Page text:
The word on the street is that the traditional newspaper and news magazine are on the way out. Their successor is, of course, supposed to be internet news in general and blogs in particular. Since the business of news is the business of making money, there is the question of whether or not the rising blog system will be able to make money. I am tempted to manufacture a term like neblog (for “News Blog”) or IN (Internet News), but will resist that temptation and just misuse the term “blog” to cover all that sort of stuff.
Individual blogs are generally not moneymakers in any significant sense. Most folks make nothing (or even lose money on what they pay for hosting and internet access). A few folks do make it big with a somewhat ironic book deal and many more pull in a bit from various ads. However, the individual blogger is something of a side note here. What matters, it can be argued, are the big players. To use an obvious analogy, while individual authors of books do matter, it is the book publishers that are the big players.
Blog sites that are part of traditional media companies can subsist on the profits garnered via the traditional media aspect of the business. As such, there is less need to worry about the blogs themselves generating income for the company. In fact, there is the concern that the blogs might actually be the cause of lost revenue. As one might argue, there seems to be little sense in subscribing to Newsweek when the content is available for free on the web.
When it comes to blog sites that lack a revenue stream from a supporting company, there seem to be two main options for making money. One is to charge for content. This runs into numerous problems. First, people are conditioned to expect free content. Getting over that conditioning is not impossible, but it remains a formidable hurdle. Second, the web is awash with high quality free content. Since sensible people will not be inclined to buy milk when they can get equally good milk for free, this is also a serious problem.
Companies might be able to deal with these problems by transitioning from the free model to the paid model, provided that enough companies make this transition. This, of course, is a classic scenario. The media companies all gain if all of them switch to this model. This is because people will have to pay for the top content and there will be little in the way of free alternatives of comparable quality. This means more revenue for these companies, which is the goal of business. However, companies that switch early run an obvious risk-if they charge for their content while other companies provide free content of equal quality, most people will go for the free content.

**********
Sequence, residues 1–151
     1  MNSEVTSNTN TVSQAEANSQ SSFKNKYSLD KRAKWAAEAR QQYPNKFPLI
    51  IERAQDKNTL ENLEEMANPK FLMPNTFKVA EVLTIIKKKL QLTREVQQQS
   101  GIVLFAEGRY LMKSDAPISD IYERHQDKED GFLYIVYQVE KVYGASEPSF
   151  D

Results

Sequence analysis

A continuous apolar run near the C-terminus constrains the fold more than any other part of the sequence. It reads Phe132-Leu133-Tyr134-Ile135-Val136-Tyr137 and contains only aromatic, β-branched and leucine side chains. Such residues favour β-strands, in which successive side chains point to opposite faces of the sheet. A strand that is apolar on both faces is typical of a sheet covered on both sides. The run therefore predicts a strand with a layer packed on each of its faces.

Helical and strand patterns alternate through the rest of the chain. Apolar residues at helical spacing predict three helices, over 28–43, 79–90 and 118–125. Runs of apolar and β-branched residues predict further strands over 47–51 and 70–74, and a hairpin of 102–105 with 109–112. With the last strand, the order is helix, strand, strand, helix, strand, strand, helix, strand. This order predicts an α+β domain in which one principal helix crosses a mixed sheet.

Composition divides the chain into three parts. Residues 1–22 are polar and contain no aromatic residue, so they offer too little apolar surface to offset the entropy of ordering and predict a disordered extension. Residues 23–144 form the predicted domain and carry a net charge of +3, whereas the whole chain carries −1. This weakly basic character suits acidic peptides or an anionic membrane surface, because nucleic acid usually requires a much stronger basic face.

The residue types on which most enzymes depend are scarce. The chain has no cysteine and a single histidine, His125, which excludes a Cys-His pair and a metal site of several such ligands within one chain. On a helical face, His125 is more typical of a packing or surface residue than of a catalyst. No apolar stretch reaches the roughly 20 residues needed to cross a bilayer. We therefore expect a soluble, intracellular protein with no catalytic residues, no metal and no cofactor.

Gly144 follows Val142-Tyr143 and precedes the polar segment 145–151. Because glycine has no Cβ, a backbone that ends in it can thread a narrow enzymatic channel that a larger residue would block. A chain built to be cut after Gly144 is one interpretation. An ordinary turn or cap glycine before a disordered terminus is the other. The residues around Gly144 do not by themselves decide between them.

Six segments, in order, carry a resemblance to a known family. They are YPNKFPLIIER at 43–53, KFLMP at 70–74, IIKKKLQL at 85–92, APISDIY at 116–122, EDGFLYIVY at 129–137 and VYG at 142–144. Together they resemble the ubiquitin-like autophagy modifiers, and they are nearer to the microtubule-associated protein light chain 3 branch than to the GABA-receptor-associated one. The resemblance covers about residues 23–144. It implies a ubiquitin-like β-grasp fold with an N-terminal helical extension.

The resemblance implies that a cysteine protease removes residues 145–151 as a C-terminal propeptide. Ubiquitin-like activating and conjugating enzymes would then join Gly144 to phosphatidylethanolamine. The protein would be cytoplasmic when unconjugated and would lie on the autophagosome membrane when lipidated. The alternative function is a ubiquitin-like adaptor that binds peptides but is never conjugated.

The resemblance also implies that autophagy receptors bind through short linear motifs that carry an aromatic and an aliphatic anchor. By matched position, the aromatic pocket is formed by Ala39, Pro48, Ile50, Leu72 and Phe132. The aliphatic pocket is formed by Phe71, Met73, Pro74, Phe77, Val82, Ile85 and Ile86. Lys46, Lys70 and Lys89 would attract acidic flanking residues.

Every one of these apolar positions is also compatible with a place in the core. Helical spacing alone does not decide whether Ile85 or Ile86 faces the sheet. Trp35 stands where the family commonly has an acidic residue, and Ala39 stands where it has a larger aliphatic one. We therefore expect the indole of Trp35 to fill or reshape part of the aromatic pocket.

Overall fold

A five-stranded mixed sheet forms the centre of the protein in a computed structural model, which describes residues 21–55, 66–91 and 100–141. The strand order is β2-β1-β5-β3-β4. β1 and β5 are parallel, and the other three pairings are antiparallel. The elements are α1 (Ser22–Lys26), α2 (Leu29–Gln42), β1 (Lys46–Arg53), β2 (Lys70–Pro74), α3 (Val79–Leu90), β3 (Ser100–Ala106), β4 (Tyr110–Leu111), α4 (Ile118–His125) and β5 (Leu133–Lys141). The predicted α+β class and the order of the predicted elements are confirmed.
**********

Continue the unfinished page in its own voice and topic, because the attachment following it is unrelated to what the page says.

It might be wondered what good this will do the companies that stay with the free model. After all, getting more “customers” who pay nothing is hardly a win. However, it can be an advantage in two (or more) ways.
One is that the company with free content can make some money through advertising revenue. While selling internet advertising is not currently nearly as profitable as traditional media advertising, it is a source of revenue. More visitors means more income. As Google shows, making a few pennies here and there can add up when there are many heres and plenty of theres. Of course, if there are not enough heres and theres, then such ad revenue will be rather meager. The challenge is to generate enough traffic so that those pennies are dropping in by the millions.
A second way a company can do well with free content is to use at as a way to beat the competition in the long term. Companies that start to charge will lose much of their audience to companies that do not and eventually many of these sites might simply fail. The companies that have the resources to endure the income drought of the free content phase can then switch to charging after their competition has been eliminated or severely weakened. So staying free for now and soaking up losses can be a way to win in the end, provided that the competition has less endurance.
Another way a company might be able to make money with free content is to find ways to mine their audience for data to sell. This can be done the obvious way by making use of tracking. It can also be done by examining the content of audience comments for useful information. While this is rather questionable, I suspect it can be a rather nice source of income.
As such, while a collective switch to the paid model would be good for all, being able to use the free model to bleed the competition might prove even better for some. Of course, this might end up in disaster-companies that keep the free model going in the hopes of making a profit in the end might find that they cannot survive this process.